LONDON (Reuters) - Russia’s envoy to Britain, in comments reflecting Moscow’s chilly ties with London, complained in an interview on Sunday that Russians in Britain were treated like the mafia and suffered assaults by nationalist groups.
Ambassador Yuri Fedotov said “russophobia” was prevalent in Britain, which has become a magnet to Russia’s super-rich since the break-up of the Soviet Union and is now home to some 400,000 Russians.
“I can quote examples where Russians were being beaten by youngsters in London. Tourists, visitors, businessmen,” he told The Sunday Times newspaper.
“They were severely beaten and the police did not open any investigation on these particular incidents,” he added. He said he had raised the issue of “developing Russophobia in Britain” with senior government figures.
Apart from super-wealthy Russians who have snapped up plush properties in an around the capital and become a major force in the art collecting world, more than 170,000 Russian tourists visit Britain each year.
Bilateral trade is worth some seven billion pounds a year.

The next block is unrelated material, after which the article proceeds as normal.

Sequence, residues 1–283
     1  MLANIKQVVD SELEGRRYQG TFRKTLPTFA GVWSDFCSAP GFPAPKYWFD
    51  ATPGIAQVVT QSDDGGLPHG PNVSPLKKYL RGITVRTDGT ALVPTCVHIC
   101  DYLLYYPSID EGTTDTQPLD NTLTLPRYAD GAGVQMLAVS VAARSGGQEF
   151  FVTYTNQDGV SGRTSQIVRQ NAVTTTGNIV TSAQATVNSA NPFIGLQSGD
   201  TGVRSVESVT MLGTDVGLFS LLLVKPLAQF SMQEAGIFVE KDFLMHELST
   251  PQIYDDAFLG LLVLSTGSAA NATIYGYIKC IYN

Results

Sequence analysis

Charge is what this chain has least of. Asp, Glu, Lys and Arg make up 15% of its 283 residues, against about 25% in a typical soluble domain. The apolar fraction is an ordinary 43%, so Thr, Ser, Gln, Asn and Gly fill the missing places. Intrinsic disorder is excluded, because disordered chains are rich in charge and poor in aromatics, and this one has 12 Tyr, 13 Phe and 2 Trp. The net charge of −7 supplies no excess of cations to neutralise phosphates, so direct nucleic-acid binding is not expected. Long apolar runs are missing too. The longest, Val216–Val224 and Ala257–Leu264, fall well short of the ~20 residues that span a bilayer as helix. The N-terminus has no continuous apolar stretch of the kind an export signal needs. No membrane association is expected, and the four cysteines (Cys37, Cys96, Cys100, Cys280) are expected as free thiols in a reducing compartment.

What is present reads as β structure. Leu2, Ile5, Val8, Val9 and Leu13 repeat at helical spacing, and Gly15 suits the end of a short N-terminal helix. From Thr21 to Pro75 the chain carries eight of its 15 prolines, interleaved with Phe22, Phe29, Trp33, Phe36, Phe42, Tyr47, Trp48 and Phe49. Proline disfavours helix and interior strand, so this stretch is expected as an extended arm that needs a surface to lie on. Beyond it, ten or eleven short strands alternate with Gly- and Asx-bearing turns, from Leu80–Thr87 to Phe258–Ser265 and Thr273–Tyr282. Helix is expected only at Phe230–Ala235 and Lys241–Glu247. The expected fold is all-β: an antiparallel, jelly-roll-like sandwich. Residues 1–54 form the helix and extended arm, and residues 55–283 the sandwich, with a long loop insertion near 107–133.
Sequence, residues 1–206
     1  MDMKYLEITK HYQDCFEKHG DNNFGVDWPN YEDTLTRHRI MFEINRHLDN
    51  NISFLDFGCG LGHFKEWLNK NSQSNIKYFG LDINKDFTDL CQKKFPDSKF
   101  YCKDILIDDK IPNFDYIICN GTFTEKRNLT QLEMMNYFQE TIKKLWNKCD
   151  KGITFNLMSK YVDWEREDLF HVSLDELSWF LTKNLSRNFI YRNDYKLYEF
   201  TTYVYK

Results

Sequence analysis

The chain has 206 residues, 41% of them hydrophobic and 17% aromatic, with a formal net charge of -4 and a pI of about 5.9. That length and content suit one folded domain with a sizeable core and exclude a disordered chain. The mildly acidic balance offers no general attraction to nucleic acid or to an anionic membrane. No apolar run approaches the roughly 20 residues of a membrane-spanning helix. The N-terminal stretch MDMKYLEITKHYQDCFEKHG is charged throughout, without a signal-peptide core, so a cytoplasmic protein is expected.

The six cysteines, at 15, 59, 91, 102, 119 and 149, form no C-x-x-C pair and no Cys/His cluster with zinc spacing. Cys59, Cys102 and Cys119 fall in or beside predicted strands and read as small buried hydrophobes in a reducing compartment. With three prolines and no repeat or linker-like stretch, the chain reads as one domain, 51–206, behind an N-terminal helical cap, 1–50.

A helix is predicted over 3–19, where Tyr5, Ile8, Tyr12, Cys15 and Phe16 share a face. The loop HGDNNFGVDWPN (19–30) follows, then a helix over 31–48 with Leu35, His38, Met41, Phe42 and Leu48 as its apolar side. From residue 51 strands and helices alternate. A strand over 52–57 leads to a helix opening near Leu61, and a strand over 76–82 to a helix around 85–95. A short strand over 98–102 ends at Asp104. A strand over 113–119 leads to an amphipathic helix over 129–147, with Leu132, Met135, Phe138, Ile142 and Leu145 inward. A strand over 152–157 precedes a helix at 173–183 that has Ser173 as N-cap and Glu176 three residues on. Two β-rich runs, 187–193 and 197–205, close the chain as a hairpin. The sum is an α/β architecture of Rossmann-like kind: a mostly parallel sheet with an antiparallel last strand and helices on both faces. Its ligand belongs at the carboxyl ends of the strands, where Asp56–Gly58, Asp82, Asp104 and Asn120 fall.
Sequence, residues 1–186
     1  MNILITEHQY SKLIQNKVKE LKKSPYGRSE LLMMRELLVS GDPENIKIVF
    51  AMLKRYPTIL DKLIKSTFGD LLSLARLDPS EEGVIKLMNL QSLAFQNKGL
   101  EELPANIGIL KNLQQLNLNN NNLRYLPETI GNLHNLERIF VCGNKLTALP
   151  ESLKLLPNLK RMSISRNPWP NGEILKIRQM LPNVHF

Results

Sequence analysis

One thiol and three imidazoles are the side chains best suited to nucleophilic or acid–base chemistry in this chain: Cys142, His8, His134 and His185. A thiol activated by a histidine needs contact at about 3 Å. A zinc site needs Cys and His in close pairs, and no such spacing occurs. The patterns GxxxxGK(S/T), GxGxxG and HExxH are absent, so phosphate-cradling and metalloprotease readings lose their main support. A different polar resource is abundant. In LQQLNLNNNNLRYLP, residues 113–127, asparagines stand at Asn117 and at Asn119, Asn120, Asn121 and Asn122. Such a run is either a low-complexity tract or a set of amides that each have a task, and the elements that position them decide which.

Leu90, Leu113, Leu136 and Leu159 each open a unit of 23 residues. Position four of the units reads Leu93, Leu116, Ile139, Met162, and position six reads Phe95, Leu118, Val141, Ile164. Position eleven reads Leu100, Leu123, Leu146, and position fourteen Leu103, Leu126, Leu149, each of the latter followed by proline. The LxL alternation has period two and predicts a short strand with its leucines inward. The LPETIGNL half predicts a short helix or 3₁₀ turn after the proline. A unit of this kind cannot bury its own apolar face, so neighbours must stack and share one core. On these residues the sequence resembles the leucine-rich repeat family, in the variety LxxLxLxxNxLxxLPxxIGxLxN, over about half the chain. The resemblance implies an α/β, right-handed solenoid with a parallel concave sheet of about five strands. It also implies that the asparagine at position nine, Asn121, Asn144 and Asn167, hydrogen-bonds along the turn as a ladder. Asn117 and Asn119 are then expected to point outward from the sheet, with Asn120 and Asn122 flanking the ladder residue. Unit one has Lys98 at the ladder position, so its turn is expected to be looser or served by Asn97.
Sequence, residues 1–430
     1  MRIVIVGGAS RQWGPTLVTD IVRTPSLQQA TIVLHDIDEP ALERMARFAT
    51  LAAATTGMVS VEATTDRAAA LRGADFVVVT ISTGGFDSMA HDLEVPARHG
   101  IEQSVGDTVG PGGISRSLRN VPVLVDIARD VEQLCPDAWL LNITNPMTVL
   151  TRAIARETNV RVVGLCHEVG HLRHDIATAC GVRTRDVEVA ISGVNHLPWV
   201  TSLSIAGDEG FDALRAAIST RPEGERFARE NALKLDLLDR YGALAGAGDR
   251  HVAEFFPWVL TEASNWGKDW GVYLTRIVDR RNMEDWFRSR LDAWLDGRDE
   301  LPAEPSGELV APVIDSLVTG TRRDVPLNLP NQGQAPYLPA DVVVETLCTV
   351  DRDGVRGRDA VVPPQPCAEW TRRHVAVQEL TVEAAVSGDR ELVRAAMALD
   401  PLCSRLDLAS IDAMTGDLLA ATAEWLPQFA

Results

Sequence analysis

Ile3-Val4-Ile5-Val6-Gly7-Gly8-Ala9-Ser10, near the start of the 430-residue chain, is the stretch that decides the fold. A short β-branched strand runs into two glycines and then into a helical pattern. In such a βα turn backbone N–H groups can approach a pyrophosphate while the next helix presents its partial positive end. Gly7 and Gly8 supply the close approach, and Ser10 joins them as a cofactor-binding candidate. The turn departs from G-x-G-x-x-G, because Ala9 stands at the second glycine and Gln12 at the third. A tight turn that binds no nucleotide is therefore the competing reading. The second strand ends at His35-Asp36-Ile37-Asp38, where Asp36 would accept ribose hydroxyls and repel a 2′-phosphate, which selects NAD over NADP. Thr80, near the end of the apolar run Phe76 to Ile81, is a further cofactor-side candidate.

But relations have been particularly tense since the death from radioactive poisoning in London of Russian emigre and Kremlin critic Alexander Litvinenko last November.
The diplomatic feud deepened last week when Russia formally rejected London’s request to hand over ex-KGB body guard Andrei Lugovoy, suspected by British prosecutors of killing Litvinenko.
London had earlier declined to extradite to Moscow emigre multi-millionaire Boris Berezovsky, a fierce critic of President Vladimir Putin, as well as rebel Chechen emissary Akhmed Zakayev. Both men have political refugee status in Britain.
The Russian envoy said offences committed by Russians in Britain were dealt with swiftly and disproportionately.
“I have an example when a woman had a minor violation, a traffic violation, and she was arrested by police force, lots of cars, handcuffed,” he said. “Maybe that is as a result of the stereotype that any Russian is connected to the mafia.”
Fedotov said Russians had complained that “from time to time they encounter some sort of mistreatment” in London’s shops, restaurants or taxis.”
“It is hard to say whether it is some kind of Russophobia or whether it is a particular case of xenophobia which is developing here (in Britain),” he said.
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